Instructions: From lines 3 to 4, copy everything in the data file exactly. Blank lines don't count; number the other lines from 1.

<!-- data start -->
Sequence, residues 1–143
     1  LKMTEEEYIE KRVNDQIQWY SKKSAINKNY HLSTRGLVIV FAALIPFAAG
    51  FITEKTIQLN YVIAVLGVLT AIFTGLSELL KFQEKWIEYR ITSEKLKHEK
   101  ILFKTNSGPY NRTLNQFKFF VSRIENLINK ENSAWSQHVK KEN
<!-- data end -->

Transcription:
    51  FITEKTIQLN YVIAVLGVLT AIFTGLSELL KFQEKWIEYR ITSEKLKHEK
   101  ILFKTNSGPY NRTLNQFKFF VSRIENLINK ENSAWSQHVK KEN